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\$2.19

## Yield Curves; Expectations theory; Bond valuation; Yield to maturity and call

6-1: YIELD CURVES The following yields on U.S. Treasury securities were taken from a recent financial publication:

Term Rate
6 months 5.1%
1 year 5.5
2 years 5.6
3 years 5.7
4 years 5.8
5 years 6.0
10 years 6.1
20 years 6.5
30 years 6.3

a. Plot a yield curve based on these data?
b. What type of yield curve is shown?
c. What information does this graph tell you?
d. Based on this yield curve, if you needed to borrow money for longer than 1 year, would it make sense for you to borrow short-term and renew the loan or borrow long-term?

6-15: EXPECTATIONS THEORY Assume that the real risk-free rate is 2% and that the maturity risk premium is zero. If the 1-year bond yield is 5% and a 2-year bond (of similar risk) yields 7%, what is the 1-year interest rate that is expected for Year 2? What inflation rate is expected during Year 2? Comment on why the average interest rate during the 2-year period differs from the 1-year interest rate expected for Year 2.

7-5: BOND VALUATION An investor has two bonds in his portfolio that have a few value of \$1,000 and pay a 10% annual coupon. Bond L matures in 15 years, while Bond S matures in 1 year.

a. What will the value of each bond be if the going interest rate is 5%, 8%, and 12%? Assume that only one more interest payments is to be made on Bond S at its maturity and that 15 more payments are to be made on Bond L.
b. Why does the longer-term bond's price vary more than the price of the shorter-term bond when interest rates change?

7-10: CURRENT YIELD, CAPITAL GAINS YIELD, AND YIELD TO MATURITY Hooper Printing Inc. has bonds outstanding with 9 years left to maturity. The bonds have an 8% annual coupon rate and were issued 1 year ago at their par value of \$1,000. However, due to changes in interest rates, the bond's market price has fallen to \$901.40. The capital gains yield last year was -9.86%.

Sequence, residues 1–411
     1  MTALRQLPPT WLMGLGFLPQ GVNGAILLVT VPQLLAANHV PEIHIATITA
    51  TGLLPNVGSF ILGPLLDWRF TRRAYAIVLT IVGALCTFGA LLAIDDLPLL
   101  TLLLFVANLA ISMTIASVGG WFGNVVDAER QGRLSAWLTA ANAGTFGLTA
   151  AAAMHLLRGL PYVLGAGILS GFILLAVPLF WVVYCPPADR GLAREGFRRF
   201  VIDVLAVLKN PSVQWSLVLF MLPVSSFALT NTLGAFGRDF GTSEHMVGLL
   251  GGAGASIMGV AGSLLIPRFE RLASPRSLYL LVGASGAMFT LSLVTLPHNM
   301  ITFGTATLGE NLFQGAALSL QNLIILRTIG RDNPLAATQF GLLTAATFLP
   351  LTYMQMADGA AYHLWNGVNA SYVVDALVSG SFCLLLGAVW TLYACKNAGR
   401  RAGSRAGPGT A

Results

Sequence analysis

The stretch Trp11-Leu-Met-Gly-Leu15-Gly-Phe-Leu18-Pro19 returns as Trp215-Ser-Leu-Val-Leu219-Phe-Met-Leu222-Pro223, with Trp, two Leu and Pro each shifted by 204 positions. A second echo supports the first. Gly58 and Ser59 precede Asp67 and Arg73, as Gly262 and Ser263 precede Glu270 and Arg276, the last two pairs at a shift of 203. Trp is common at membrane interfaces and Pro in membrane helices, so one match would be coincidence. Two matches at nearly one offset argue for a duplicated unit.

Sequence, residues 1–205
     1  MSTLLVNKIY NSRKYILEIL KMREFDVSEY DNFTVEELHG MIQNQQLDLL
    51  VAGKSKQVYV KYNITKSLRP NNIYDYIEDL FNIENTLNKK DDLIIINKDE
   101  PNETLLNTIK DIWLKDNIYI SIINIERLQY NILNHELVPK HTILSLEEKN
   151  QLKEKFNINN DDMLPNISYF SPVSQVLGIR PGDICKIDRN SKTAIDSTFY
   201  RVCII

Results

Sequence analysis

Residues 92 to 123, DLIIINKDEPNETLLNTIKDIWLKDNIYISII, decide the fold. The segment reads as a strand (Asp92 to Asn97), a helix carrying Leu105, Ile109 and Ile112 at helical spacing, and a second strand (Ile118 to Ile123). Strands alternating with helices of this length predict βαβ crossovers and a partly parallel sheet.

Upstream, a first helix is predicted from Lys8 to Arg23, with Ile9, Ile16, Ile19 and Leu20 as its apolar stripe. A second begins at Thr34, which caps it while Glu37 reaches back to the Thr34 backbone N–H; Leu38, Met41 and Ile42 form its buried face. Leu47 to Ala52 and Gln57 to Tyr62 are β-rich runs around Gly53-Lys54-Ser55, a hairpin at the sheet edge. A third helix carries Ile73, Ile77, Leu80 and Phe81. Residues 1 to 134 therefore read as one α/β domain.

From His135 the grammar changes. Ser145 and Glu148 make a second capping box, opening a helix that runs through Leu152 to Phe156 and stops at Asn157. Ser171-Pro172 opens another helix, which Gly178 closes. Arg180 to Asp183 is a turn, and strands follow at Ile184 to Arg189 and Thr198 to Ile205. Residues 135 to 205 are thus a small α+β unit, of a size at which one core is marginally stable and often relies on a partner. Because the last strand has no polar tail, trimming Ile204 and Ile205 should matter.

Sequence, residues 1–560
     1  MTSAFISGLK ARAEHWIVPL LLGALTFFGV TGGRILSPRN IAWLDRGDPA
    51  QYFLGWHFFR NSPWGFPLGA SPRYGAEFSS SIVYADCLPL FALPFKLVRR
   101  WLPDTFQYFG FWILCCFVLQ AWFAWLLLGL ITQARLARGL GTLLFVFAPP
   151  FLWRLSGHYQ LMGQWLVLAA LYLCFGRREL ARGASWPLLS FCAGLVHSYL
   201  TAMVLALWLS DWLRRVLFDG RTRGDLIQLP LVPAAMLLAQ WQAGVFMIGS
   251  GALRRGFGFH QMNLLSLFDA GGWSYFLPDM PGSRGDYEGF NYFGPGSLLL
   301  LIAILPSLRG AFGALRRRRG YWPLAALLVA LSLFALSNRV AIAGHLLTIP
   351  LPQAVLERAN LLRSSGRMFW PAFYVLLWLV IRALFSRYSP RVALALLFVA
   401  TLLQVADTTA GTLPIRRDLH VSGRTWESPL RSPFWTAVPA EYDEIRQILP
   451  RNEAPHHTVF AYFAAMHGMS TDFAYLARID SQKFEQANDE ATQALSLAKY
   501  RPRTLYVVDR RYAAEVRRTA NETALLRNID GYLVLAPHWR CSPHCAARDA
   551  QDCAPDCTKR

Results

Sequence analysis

a. What is the yield to maturity?
b. For the coming year, what are the expected current and capital gains yields?
c. Will the actual realized yields be equal to the expected yields if interest rates change? IF not, how will they differ?

7-19: YIELD TO MATURITY AND YIELD TO CALL Kaufman Enterprises has bonds outstanding with a \$1,000 face value and 10 years left until maturity. They have an 11% annual coupon payment, and their current price is \$1,175. The bonds may be called in 5 years at 109% of face value (Call price = 41,090).

a. What is the yield to maturity?
b. What is the yield to call if they are called in 5 years?
c. Which yield might investors expect to earn on these bonds? Why?
d. The bond's indenture indicates that the call provision gives the firm the right to call the bonds at the end year beginning in Year 5. In Year 5, the bonds may be called at 109% of face value; but in each of the next 4 year, the call percentage will decline by 1%. Thus, in Year 6, they may be called at 108% of face value; in Year 7, they may be called at 107% of face value; and so forth. If the yield curve is horizontal and interest rates remain at their current level, when is the latest that investors might expect the firm to call the bonds?